Re: [isabelle] simple proof question



Ian Lynagh schrieb:
> Hi all,
> 
> I'm trying to write a simple proof in Isabelle, but I'm a little lost. I
> wonder if anyone can help me please? I've attached the script I have so
> far.
> 
> At the point at which I am stuck, I have
>     using this:
>         (EBool bool_, t) : STyping
> and I want to show that "t = TBool", which must be true as
>     STypingBool: "forall (b :: bool) ==> STyping (EBool b, TBool)"

For a start, your "forall (b :: bool) ==>" is a bit weird. Isabelle
accepted it but had to interpret "forall" as a free function variable to
make sense of it. Probably not what you meant. Note that "forall" is not
 Isabelle speak, and that outermost universal quantifiers can and should
be dropped. Just write "STyping (EBool b, TBool)".

Now the proof.

> is the only constructor matching that pattern. My best guess was
>     proof (cases this)

You cannot do a case distintinction on a theorem ("this") but only on a
term. This suggests

proof (cases t)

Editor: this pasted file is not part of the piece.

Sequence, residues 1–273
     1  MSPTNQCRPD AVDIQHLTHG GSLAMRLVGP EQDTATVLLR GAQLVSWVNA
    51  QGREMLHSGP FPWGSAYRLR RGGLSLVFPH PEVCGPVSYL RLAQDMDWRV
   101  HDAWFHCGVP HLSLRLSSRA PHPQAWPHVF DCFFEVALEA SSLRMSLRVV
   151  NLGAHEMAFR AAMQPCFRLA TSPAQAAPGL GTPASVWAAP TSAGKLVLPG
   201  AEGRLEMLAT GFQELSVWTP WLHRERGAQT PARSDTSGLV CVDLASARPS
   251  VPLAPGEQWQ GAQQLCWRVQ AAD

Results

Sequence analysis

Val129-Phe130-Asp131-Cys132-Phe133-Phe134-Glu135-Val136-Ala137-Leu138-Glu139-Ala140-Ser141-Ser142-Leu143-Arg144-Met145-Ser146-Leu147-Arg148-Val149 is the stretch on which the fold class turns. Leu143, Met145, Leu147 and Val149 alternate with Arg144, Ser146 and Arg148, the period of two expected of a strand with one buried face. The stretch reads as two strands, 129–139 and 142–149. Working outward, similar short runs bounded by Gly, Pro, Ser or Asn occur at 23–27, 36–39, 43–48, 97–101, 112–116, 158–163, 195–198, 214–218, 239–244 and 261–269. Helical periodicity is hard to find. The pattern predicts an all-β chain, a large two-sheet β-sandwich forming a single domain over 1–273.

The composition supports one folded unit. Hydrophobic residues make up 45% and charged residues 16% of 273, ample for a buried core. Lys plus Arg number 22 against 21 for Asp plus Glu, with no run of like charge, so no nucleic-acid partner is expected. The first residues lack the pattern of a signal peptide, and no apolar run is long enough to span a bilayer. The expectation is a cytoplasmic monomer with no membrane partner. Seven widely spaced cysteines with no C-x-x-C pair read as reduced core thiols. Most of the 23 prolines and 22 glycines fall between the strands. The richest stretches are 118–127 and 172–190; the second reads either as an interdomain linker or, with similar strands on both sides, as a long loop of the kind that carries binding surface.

Although this step works, it does not get you anywhere. Before you start
the whole proof you should deduce some elimination rules that allow you
to move from "(EBool b, t) : STyping" to "t = TBool". This can be done
automatically:

inductive_cases STypingE[elim!]:
  "STyping (EBool b, t)"

The resulting lemma STypingE is what you need. The magic "[elim!]" tells
auto and blast and friends to apply this rule eagerly. Now your proof
should just be

from this have "t = TBool" by auto

Important: you will have to extend STypingE with other cases, at least

inductive_cases STypingE[elim!]:
  "STyping (EBool b, t)"
  "STyping (EInt n, t)"

Tobias


> but that says
>     *** empty result sequence -- proof command failed
>     *** At command "proof".
> Can anyone give me a pointer in the right direction please?
> 
> 
> I'm also not sure why I can't do
>     apply simpl
> immediately after
>     case EBool
> ? My goal here was to try to get "principalType (EBool bool)" to reduce.
> 
> 
> Finally, I'd also be very interested to know if the general structure
> looks sensible, or if there would be a more sensible way to write this
> sort of proof.
> 
> 
> Thanks
> Ian
> 
> 





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